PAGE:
A ruling issued last week by the US District Court for the District of Maryland states that the federal government must face a lawsuit filed by the families of US citizen children whose parents have been denied coronavirus stimulus checks due to their status as undocumented immigrants. The court rejected the Department of Justice's arguments that federal officials are immune from constitutional claims arising from how Congress and the US Treasury Department decided to administer relief funds.
A class action lawsuit has been filed in Illinois federal court naming defendants including President Donald Trump, Senate Majority Leader Mitch McConnell, and US Treasury Secretary Steven Mnuchin by a US citizen who alleges that he was unlawfully denied a stimulus payment because he is married to an immigrant. The plaintiff claims that the federal government's restriction allowing only married couples who both have valid Social Security numbers to receive payments is a form of discrimination and violates the US Constitution.
The U.S. District Court for the District of Columbia has ruled that the Trump Administration failed to follow procedures set forth under federal law in appointing Ken Cuccinelli to a leadership role in US Citizenship and Immigration Services (USCIS) in 2019. As a result, two rule changes to the asylum process implemented under his leadership should be considered nullified, according to the judge.
A new lawsuit filed on behalf of 12 plaintiffs aims to protect immigrant children from "aging out" of the immigration system when they turn 21 if their parents are H-1B visa holders from India. Dependents of H-1B holders have the ability to remain in dependent H-4 status if their wait for lawful permanent resident status is increased due to per country limits on the number of immigrant visas. However, current per country limits and national origin-specific visa bulletin charts dictate that children from India are subject to decades-long waits, which causes them to lose eligibility to immigrate with their parents when they turn 21.
Fifteen plaintiffs and two nonprofit organizations have filed a new class action lawsuit seeking improvement of what is reported to be severely inadequate healthcare in Immigration and Customs Enforcement (ICE) detention facilities. Filed by the Southern Poverty Law Center, the Civil Rights Education and Enforcement Center, Disability Rights Advocates, and the law firm of Orrick, Herrington & Sutcliffe, the lawsuit does not seek money damages, but instead requests that ICE closely track these conditions and improve healthcare at its facilities.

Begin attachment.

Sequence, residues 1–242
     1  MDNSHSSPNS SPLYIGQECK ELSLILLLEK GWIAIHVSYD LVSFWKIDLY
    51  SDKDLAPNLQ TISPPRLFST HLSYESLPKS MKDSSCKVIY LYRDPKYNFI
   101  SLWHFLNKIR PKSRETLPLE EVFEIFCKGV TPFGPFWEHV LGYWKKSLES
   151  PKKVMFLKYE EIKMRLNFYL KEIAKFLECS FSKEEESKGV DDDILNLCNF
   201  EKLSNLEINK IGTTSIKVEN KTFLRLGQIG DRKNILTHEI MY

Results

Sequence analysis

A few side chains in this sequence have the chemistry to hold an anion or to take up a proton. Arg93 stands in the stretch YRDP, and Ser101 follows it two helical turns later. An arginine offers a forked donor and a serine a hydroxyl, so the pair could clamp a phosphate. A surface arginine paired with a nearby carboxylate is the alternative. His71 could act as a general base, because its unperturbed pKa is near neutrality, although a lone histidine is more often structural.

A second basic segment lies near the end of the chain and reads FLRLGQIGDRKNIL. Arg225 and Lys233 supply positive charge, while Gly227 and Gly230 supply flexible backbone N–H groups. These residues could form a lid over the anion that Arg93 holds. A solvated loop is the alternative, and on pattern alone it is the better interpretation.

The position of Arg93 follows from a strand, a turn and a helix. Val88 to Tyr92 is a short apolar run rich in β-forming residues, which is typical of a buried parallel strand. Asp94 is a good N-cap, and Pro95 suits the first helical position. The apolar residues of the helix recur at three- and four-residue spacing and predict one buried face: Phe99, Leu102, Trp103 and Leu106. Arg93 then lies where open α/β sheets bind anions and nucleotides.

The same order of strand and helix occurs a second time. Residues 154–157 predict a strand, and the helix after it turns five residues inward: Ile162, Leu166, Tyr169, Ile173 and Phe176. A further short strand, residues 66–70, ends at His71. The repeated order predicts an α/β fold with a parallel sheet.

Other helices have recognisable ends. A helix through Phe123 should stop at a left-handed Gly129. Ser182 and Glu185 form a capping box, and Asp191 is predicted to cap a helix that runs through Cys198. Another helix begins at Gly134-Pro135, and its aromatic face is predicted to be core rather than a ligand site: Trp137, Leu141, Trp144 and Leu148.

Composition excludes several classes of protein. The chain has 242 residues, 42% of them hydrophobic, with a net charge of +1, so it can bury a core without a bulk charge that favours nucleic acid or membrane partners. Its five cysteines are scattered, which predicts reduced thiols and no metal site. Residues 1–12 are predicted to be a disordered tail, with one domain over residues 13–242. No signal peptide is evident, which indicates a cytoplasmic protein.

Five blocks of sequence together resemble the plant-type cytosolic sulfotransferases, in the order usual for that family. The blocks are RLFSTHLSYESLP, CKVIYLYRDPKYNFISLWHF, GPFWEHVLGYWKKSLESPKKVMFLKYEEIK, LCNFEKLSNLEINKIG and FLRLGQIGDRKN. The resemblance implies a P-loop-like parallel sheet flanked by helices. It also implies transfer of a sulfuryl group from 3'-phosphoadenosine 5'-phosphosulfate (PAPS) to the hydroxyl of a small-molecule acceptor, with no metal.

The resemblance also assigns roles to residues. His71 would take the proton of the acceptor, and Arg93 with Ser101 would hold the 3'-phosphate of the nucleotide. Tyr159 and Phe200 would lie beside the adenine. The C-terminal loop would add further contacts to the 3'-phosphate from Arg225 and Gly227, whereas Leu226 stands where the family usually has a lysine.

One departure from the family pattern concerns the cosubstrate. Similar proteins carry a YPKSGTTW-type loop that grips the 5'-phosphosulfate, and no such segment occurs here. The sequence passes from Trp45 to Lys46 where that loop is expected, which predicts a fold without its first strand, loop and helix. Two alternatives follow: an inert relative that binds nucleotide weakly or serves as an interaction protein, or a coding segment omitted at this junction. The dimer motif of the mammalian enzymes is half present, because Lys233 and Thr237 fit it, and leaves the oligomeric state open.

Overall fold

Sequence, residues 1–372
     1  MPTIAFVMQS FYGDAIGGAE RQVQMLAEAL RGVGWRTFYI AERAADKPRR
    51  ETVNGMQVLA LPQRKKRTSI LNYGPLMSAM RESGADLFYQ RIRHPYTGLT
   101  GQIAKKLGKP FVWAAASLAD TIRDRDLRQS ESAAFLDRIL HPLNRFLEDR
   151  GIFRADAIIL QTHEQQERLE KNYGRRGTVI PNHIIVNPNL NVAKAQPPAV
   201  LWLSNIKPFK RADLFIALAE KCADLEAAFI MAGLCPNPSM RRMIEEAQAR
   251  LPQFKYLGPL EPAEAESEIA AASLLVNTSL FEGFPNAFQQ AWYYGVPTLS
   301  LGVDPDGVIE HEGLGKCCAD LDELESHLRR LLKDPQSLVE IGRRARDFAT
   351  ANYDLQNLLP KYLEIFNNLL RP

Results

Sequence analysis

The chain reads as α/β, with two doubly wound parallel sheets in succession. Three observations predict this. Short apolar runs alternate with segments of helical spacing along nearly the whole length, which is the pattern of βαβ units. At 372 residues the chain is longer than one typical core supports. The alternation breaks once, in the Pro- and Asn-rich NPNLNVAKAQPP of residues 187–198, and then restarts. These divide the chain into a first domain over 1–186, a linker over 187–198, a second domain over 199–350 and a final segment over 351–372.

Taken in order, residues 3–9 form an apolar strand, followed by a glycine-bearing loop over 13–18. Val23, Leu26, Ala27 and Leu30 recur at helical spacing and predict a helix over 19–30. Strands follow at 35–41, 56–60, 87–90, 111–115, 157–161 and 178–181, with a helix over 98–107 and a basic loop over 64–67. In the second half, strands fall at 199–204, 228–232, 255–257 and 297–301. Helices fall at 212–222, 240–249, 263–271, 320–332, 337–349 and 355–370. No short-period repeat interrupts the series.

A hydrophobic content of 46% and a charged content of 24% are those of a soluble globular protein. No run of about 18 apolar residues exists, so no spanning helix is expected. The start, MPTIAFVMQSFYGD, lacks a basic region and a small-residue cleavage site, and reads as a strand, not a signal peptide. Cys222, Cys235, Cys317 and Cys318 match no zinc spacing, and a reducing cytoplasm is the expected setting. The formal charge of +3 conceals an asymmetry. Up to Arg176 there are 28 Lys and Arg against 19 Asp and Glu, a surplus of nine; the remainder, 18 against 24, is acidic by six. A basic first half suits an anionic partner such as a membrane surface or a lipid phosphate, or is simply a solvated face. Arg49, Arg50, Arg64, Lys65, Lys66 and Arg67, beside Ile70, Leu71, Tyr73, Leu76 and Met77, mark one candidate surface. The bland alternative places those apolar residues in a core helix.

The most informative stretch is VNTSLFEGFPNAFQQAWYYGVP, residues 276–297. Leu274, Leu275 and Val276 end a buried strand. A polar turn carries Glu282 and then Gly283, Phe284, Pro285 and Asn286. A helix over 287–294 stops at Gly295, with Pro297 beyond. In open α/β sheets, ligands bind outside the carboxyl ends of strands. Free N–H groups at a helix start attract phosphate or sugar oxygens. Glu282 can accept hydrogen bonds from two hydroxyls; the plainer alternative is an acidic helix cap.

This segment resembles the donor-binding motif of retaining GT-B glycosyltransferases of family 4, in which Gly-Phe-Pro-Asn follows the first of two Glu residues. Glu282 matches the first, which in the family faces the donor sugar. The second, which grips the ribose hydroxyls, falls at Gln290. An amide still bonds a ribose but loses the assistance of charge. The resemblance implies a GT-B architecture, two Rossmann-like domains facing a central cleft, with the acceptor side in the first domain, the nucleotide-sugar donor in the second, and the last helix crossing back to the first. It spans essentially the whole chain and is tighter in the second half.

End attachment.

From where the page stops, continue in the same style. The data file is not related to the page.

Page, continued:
On Wednesday, July 24, 2019, the U.S. District Court for the District of Columbia declined to impose a temporary restraining order which would pause the Trump administration's new rule limiting asylum requests from migrants at the U.S.-Mexico border. The new rule requires that migrants and refugees passing through a third country en route to the United States must seek asylum from said third country in order to apply for asylum in the United States. Under the new rule, migrant and refugee Hondurans and Salvadorans must be denied asylum in Guatemala or Mexico before seeking asylum in the United States, and Guatemalans must be denied asylum in Mexico in order to apply for asylum in the United States.
Multiple civil rights groups filed suit today against the Trump administration, challenging its new rule seeking to severely limit the asylum protections that are available under US and international law to migrants at the US-Mexico border. The American Civil Liberties Union, the Southern Poverty Law Center, and the Center for Constitutional Rights filed one of the main legal challenges in California's Northern District Court on behalf of immigrant advocacy groups, alleging that the new rule violates US immigration law as well as administrative law. The lawsuit seeks declaratory relief stating that the interim final rule is invalid and unlawful, as well as preliminary and permanent injunctive relief to block its implementation.
In a new rule that is planned to be effective Tuesday, the Trump administration is seeking to reverse decades of asylum policy by effectively denying protections to most migrants seeking asylum at the southern border of the US. The new policy, which the American Civil Liberties Union plans to promptly challenge in court, would require asylum seekers at the US-Mexico border to prove that they have sought and been denied asylum in a so-called "safe third country" before they can apply for protection in the US.